The Congressional Healthcare Bill in America

I spent a good deal of this morning and yesterday reading over the proposed American healthcare bill (or at least, a compound version; there appear to be five doing the rounds). I don't want to blog on the details of it immediately. It's also a bill, which may well stall in the Senate or be overtaken by events, and which could yet be critically amended. It is the product of Congress, not the administration per se, and the lawyers have not yet got at it.

I had some instant worries about it though. In no particular order, I'll list them;

Firstly, it can't allow individuals to choose their doctor and treatment in the long run; instead, it will practically formalise the role of doctors as salaried employees of large medical groups.

Sarah Palin is onto something with the idea that this will then allow essentially ideological or non-medical outlooks on, say, euthanasia, abortion, transgender issues, or non-emergency treatments of chronic and congenital diseases to begin to influence medical decisions, rather than the present (unsatisfactory) arrangement of insurers and customers. It has in the NHS, after all.

Do you want the grown-up equivalent of suburban school monitors who do things right according to fashion rather than trained people who do the right thing making decisions? Have you ever seen a bunch of middle class people holding forth on what people need in fields they know nothing about? It's not pretty, and its deeply subject to social consensus.

Secondly, it seems to allow the government to reach into people's bank accounts, and to tax businesses, without calling what is happening a tax.

Thirdly, despite my initial feeling that the federal government could create a competitive option to set alongside insurance products, I'm not so sure now that any non-national insurance operation could compete. The logistical and monopsony power that the federal government develops will be expressed in terms of services offered; but very little will happen to lawyers, pharmaceutical companies, and existing insurance arrangements that will hold prices down.

Fourthly, I'm not sure Americans of any stripe will accept rationing by technocrat over rationing by money. Money, like land, is a form of expression in America, not a product of the State Treasury as in Europe. Even the liberals will just run to the lawyers--though this bill excludes judicial review in some critical areas.

Fifthly, why on earth are 'government public health training centres' part of this plan? Or fees on private health plans? Or 'home visitation rights'? or government regulation of residency programmes? Or government control of marriage and family policy? or something like ten new taxes, including an excise-style 'punishment' tax on the goods of nonparticipants? Why do military payments go up if the bill comes in?

Sixthly, this plan seems to extend to everyone in the United States, regardless of whether they are citizens or whether they have paid for it.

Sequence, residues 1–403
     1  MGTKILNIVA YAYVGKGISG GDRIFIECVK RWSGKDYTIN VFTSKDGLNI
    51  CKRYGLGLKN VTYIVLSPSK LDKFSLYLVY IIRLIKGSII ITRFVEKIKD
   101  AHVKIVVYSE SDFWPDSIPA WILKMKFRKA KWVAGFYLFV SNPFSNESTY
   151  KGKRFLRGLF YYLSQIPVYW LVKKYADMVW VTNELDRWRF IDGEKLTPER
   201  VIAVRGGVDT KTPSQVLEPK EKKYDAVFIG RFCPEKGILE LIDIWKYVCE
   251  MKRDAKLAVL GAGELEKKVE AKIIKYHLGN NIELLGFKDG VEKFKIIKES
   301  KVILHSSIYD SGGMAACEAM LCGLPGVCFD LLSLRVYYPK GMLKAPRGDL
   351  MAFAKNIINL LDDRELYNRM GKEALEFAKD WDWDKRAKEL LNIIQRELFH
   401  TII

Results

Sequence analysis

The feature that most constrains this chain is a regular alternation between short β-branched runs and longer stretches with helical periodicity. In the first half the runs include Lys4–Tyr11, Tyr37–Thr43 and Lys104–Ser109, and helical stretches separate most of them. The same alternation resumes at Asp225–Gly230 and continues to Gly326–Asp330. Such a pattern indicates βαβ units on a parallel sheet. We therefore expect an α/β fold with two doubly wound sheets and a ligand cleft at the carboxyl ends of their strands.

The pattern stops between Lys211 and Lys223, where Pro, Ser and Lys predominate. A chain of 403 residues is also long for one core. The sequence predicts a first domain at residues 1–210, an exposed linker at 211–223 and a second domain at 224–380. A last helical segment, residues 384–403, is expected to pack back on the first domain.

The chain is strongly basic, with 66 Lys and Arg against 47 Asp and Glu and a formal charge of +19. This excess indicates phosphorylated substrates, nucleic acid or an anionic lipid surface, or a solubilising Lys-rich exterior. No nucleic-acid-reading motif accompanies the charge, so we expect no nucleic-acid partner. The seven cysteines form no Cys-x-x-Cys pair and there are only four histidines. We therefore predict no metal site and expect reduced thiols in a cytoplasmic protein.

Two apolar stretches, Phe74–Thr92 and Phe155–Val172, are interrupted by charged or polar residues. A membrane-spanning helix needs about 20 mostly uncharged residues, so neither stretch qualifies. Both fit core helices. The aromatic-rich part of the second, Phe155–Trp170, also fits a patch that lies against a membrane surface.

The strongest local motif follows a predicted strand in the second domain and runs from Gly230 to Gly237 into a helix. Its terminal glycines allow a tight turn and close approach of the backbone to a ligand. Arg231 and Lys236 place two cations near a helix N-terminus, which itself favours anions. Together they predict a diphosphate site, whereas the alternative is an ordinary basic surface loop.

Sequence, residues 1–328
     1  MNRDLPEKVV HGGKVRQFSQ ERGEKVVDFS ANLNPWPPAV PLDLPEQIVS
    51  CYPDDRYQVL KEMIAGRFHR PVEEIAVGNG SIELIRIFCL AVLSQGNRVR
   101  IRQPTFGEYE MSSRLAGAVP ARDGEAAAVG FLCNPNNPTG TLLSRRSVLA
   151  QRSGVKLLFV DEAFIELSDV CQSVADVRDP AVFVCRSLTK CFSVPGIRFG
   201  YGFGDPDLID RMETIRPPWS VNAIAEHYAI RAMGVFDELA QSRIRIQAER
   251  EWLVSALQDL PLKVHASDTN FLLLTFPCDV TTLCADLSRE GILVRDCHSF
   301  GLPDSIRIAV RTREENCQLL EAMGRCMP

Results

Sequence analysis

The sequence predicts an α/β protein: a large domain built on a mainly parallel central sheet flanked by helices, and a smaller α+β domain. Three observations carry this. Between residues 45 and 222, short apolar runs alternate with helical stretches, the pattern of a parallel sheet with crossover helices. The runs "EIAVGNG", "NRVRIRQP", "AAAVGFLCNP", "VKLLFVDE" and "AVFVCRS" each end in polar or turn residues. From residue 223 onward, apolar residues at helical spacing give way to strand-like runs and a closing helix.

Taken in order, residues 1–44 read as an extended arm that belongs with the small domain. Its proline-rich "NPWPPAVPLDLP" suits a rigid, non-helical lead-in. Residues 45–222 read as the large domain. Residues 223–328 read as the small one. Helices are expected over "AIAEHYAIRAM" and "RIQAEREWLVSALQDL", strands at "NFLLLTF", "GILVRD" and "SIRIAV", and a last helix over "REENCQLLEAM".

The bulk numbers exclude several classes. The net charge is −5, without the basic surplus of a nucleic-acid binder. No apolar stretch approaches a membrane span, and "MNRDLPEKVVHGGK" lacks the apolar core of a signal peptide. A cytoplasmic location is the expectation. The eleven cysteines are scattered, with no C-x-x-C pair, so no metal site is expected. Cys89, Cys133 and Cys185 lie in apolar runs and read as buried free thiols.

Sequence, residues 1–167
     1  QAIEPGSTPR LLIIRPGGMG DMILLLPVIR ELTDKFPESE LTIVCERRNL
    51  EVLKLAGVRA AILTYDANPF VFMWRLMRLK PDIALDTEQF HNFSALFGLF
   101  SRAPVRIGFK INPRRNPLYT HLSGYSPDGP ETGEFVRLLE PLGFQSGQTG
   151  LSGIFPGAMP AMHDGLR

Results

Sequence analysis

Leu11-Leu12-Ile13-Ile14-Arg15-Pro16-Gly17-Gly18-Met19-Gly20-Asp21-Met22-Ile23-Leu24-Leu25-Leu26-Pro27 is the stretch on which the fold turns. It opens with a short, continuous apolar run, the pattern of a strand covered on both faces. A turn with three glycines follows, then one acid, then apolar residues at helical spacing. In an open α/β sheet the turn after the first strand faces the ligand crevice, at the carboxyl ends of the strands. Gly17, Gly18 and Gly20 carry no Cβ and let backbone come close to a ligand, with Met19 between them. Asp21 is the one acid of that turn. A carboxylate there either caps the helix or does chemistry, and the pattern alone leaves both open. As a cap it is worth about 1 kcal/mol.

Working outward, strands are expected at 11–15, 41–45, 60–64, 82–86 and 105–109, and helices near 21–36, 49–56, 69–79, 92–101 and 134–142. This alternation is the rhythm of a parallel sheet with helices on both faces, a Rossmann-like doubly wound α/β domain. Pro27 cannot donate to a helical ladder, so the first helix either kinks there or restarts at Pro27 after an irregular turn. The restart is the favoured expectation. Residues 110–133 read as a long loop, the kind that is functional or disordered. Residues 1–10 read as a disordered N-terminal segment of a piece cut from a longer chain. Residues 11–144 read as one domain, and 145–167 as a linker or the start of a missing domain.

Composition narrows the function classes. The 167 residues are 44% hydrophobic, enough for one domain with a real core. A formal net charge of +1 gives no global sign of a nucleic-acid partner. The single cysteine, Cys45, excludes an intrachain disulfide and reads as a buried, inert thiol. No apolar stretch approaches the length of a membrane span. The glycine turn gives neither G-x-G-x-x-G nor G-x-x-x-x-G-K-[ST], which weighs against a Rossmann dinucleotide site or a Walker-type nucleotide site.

Seventhly, there are obvious tenth amendment issues, but the courts may also become involved in terms of taxes as punishment, the exclusion of various sorts of judicial review, the treatment of doctors in terms of pay, and the input of 'consumer representatives'. Also, if the government sets up some huge insurance operation, how unfair do restrictions imposed on non-participants or rivals have to be before they start violating the constitution? Or does the constitution only apply to States these days?

I think this bill is, like most bills, a vast set of political compromises. I think that the administration, and Rahm Emmanuel in particular, has decided that the moment when the big lobbies seem weakest, and when Americans are really worried about not being able to afford private care, is the moment to go for federal healthcare.

But, on an initial reading, I think that this bill will stall in the Senate, soak up political capital, and cost a huge amount. It may well deliver to the suburban middle classes on the credit borderline a degree of reassurance, but it might not do much for those of the working class with jobs (as opposed to those without citizenship or any inclination to look for jobs). It will accelerate the 'deprofessionalisation' of Doctors, and it will undermine the chance of States providing schemes in the future, for the offset benefit of relieving them of a burden now.

I have a feeling that this could seriously damage the Administration if Obama associates himself in the Senate with the Bill that has emerged from the House. All this as a fiscal crisis looms....you do have to admit that the man has guts, but I'm not sure they won't end up on a pole in 2010. It's also clear to me that very few on the left or the right want to engage in substantive debate over this, or to take on the lobbies.

I think there is a very strong chance this bill will fail, and if it doesn't that it won't work.